The UK government has announced it is reducing the incentive for drivers seeking to buy an electric car.
The plug-in car grant (PiCG), which has been dangling a pretty significant carrot for the last few years, has been trimmed significantly, lowering both the max cost threshold and the size of the grant buyers receive.
Drivers can now get a £2,500 off a car costing up to £35,000. Previously, the scheme had incentivised purchases to the tune of £3,000 on cars costing up to £50,000. The change means all Tesla cars are now precluded from the scheme, when previously Brits had been able to buy the Model 3 and receive £3,000 in cash back.
In making the decision, the government cites the increasing availability of more affordable vehicles, such as the Honda e and Vauxhall Corsa-e, since the original scheme was announced. The theory is that those who can afford the higher-end Tesla vehicles probably don’t need or deserve the discount, which comes out of taxpayers’ coffers.
Transport Minister Rachel Maclean said: “The increasing choice of new vehicles, growing demand from customers and rapidly rising number of chargepoints mean that, while the level of funding remains as high as ever, given soaring demand, we are refocusing our vehicle grants on the more affordable zero emission vehicles – where most consumers will be looking and where taxpayers’ money will make more of a difference.”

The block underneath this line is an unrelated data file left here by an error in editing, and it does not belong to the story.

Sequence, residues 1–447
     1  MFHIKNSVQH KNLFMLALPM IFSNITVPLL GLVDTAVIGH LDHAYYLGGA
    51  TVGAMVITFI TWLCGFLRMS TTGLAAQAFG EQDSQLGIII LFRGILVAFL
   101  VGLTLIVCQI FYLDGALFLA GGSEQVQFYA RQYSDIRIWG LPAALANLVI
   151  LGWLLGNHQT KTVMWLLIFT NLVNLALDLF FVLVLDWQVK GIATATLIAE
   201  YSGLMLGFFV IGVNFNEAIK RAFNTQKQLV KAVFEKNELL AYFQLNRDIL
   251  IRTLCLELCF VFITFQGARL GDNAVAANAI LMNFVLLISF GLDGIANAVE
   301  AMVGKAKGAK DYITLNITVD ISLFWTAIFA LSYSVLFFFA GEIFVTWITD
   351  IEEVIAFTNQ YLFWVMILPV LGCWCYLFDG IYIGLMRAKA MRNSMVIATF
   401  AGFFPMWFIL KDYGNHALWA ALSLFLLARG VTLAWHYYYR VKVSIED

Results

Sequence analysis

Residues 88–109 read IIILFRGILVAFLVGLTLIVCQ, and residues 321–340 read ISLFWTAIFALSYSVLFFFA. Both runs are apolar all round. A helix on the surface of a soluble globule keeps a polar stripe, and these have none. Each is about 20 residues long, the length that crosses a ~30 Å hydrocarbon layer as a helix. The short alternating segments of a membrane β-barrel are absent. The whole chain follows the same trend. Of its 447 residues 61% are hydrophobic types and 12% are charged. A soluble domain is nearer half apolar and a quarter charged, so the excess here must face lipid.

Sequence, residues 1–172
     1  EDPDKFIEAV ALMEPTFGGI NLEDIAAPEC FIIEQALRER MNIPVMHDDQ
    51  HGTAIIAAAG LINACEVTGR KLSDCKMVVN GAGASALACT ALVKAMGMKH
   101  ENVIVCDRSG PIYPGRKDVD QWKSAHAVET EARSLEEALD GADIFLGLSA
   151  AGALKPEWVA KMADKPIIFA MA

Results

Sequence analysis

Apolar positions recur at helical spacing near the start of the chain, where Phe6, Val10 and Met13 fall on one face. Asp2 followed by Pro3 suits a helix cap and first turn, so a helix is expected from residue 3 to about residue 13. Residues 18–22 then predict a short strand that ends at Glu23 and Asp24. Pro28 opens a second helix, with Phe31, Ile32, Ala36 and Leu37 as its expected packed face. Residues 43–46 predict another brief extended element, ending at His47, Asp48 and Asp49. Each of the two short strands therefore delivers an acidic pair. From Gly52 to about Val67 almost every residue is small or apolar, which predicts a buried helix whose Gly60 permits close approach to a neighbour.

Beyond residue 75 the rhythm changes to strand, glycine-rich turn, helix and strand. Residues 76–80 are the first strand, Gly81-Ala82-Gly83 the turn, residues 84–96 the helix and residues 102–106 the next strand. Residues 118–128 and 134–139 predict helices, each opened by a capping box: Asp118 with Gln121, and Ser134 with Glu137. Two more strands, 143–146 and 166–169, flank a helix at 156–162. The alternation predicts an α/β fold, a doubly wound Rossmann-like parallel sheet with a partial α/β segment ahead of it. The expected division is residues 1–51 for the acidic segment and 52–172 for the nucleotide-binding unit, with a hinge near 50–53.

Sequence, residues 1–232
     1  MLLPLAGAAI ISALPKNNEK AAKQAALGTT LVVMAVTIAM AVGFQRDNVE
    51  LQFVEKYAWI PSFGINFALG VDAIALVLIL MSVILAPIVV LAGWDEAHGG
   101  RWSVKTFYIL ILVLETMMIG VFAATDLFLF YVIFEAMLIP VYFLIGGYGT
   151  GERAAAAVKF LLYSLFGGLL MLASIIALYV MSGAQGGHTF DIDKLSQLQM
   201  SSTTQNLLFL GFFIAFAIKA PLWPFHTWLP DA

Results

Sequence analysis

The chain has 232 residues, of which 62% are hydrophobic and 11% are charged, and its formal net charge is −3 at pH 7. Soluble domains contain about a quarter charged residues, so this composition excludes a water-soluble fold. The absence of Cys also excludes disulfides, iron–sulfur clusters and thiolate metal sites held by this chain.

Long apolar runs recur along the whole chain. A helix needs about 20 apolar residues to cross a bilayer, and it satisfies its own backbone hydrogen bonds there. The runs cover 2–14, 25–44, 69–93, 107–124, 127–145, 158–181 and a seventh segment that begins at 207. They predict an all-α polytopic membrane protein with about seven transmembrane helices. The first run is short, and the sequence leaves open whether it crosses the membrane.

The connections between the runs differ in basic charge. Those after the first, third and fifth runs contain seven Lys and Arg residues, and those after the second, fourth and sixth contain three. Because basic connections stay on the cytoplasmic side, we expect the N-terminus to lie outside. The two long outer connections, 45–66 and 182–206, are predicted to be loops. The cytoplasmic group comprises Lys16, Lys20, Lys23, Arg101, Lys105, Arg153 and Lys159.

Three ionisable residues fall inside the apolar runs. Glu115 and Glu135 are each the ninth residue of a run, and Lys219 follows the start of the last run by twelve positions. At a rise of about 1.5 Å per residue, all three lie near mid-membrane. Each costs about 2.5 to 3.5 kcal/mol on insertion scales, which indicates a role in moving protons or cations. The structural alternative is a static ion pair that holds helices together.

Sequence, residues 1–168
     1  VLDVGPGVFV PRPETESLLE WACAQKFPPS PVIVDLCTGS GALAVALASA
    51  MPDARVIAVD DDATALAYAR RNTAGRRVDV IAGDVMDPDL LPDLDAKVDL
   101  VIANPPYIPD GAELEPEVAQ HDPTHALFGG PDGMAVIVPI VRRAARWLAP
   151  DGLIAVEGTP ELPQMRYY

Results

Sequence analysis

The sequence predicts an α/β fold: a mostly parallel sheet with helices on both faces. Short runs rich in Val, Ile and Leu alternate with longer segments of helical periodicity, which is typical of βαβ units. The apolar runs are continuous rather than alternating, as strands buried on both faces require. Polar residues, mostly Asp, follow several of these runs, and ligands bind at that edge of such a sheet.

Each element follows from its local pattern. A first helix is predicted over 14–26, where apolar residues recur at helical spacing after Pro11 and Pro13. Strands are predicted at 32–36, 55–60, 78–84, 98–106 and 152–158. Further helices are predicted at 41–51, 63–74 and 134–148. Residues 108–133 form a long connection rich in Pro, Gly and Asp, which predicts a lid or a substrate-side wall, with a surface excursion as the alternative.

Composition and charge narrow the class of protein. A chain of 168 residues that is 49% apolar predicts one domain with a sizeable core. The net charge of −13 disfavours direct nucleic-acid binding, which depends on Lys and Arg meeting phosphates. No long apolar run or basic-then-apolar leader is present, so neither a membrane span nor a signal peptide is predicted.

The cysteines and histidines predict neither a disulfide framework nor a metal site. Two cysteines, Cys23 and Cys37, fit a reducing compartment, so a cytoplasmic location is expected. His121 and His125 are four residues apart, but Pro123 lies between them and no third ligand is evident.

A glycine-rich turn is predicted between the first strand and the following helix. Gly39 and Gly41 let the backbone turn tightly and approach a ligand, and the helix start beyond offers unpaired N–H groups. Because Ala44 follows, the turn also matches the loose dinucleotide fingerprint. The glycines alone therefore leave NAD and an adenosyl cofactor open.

Naturally, auto manufacturers are displeased with the decision, claiming the reduced grants will impact the speed of the transition to a zero emissions future.
Society for Motor Manufacturers and Traders CEO Mike Hawes says (via Top Gear): “Cutting the grant and eligibility moves the UK even further behind other markets, markets which are increasing their support, making it yet more difficult for the UK to get sufficient supply. This sends the wrong message to the consumer, especially private customers, and to an industry challenged to meet the Government’s ambition to be a world leader in the transition to zero emission mobility.”
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